Maybe Newsday Made Its Pay Wall a Little Too Strong
That pay wall that Newsday put around its Web site last year? Crazily effective–at keeping people from buying an online subscription.
Last year, when executives from Cablevision (CVC) announced plans to turn their paper’s Web site into a pay-to-play proposition, I dreamed up a way it could work: Maybe Long Island residents who wanted to peruse the paper’s classifieds would pay up. Nope.
Since the wall went up three months ago, only 35 people–as in not quite three dozen–have paid the $5-a-week fee for Web access, the New York Observer reports.
The Observer’s John Koblin quotes a Cablevision PR person who says that the “modest” pickup isn’t a surprise, but that’s some very unconvincing spin. Putting up a pay wall isn’t cheap or easy: Why bother if it only generates an extra $9,000?
Here’s the full statement from Cablevision/Newsday:
Millions of Cablevision customers in the New York tri-state area and 75% of Long Island households, including all Newsday home delivery subscribers, now have exclusive access to newsday.com at no additional charge. Internal research shows that Newsday’s Web site is an extremely popular new benefit to hundreds of thousands of Long Island Cablevision households. Given the number of households in our market that have access to Newsday’s Web site as a result of other subscriptions, it is no surprise that a relatively modest number have chosen the pay option.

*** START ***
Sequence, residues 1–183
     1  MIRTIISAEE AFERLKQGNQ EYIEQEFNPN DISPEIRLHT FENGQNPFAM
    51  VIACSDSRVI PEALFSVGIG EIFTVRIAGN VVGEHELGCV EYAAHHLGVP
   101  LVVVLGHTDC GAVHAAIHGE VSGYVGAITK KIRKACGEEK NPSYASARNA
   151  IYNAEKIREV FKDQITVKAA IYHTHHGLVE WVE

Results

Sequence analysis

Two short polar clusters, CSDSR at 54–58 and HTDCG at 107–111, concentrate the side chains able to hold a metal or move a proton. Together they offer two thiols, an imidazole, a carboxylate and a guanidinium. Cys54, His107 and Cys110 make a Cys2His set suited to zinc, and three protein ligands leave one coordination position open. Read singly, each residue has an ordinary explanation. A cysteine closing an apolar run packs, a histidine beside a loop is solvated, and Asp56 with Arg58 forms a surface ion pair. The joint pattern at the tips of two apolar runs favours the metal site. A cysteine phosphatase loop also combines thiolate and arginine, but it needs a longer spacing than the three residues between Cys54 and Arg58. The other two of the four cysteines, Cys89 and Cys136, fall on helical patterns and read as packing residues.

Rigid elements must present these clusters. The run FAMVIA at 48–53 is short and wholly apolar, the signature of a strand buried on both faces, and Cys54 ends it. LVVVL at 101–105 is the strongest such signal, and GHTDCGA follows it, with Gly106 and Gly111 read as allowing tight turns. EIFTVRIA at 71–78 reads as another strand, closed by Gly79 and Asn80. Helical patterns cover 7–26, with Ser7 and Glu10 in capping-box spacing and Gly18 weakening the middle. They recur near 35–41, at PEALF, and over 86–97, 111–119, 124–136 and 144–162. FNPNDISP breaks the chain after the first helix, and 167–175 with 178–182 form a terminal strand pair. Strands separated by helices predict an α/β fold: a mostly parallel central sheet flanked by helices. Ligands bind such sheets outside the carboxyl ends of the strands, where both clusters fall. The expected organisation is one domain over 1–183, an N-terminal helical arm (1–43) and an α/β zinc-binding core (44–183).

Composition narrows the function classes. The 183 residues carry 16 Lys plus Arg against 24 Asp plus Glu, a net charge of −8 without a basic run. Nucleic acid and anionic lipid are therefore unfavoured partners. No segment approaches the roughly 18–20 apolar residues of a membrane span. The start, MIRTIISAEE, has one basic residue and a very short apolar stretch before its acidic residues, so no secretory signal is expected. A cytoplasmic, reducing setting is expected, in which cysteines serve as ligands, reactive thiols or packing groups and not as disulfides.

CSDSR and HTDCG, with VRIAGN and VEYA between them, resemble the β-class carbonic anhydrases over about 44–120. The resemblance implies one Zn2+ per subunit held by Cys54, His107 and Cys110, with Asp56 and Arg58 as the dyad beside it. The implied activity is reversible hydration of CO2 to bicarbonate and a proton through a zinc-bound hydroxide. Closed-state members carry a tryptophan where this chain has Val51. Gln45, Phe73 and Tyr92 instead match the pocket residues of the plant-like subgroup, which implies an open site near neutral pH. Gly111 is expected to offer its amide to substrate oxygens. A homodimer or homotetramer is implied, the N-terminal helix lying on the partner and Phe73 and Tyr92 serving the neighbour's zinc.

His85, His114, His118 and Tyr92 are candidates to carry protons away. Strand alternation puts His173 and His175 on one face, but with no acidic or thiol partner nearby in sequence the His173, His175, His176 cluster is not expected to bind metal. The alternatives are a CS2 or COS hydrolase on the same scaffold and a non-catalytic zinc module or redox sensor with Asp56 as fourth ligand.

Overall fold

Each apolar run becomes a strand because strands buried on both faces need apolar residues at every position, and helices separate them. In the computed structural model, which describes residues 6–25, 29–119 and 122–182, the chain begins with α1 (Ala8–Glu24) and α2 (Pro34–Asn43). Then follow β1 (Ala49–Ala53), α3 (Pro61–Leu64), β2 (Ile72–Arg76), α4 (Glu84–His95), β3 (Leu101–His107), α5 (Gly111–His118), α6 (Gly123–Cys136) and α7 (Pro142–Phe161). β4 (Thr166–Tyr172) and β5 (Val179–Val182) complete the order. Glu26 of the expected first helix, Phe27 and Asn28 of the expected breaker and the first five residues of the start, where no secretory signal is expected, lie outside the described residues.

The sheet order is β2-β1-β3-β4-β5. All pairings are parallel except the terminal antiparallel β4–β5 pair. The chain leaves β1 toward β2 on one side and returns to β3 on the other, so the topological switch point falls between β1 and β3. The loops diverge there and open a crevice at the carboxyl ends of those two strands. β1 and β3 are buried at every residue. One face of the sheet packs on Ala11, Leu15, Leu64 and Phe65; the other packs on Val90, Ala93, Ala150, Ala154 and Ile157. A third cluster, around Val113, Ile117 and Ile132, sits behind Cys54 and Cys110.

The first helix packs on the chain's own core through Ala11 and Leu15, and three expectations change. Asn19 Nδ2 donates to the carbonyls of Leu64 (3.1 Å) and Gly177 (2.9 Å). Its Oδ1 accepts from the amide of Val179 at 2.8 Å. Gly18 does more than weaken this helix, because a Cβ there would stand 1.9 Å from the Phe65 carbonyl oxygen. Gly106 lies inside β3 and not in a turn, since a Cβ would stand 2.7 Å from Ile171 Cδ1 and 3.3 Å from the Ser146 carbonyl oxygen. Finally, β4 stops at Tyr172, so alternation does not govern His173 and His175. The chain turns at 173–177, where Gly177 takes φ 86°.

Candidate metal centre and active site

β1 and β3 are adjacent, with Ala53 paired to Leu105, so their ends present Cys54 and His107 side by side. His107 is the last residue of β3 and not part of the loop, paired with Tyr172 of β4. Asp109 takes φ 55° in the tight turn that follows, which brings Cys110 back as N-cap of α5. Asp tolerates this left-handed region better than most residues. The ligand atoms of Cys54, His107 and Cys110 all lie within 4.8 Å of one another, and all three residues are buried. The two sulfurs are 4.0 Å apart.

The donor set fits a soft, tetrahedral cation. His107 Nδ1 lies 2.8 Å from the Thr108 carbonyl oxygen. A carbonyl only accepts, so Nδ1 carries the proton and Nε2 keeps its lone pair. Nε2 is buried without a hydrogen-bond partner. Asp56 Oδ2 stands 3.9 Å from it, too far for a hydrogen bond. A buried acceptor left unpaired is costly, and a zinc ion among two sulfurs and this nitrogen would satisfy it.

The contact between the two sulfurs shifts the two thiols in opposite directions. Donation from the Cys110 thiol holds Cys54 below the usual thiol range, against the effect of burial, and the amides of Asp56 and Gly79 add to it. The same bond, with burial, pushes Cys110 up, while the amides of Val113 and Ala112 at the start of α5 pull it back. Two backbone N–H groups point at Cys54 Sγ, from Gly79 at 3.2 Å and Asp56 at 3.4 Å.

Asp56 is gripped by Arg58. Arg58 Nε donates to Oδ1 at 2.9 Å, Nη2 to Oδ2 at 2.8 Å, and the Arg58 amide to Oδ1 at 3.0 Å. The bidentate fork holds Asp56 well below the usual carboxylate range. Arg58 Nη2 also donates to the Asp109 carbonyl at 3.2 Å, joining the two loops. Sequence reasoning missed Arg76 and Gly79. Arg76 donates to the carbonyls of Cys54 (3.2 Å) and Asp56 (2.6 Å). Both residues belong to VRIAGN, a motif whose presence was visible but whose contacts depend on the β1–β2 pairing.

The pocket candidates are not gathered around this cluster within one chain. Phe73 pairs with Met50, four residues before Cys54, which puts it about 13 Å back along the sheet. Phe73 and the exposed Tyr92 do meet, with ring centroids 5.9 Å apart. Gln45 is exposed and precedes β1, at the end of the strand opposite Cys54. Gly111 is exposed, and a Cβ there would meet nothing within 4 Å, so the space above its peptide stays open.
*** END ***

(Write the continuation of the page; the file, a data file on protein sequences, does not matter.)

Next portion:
As PaidContent notes, Cablevision can also argue that the real idea behind the pay wall is that it’s supposed to make existing subscribers feel like they’re getting something of real value (advertisers too, supposedly). But it’s hard to argue that online access is a “value-add” if only 35 people value it.
It’s also hard to argue that Cablevision’s problems offer any clue about the prospects of the New York Times’s (NYT) coming pay wall. Because the Times is a different beast from any other paper in the country.
I would be interested, though, in learning how the Minneapolis-based Star Tribune did with “Access Vikings Premium,” a $20-a-year pay wall it put up around most stories about the home team last season.
I could see the thinking behind this one, which showed up around the same time Brett Favre joined the team. And this was the year to try it, since the Vikings had a great season until they blew the NFC Conference game, as is their wont.
But in my personal one-man focus group, the pay wall only served to keep me from visiting StarTribune.com at all. I see now that the paper seems to have dropped the wall around content it used to ask me to pay for, so perhaps I wasn’t the only one. I’ve asked the paper for more details.
UPDATE: Strib spokesman Ben Taylor gives me a no comment, which apparently has been the paper’s stance on this for many months. MinnPost’s David Brauer explains, while noting that three of the paper’s biggest traffic days have been spurred by Vikings news.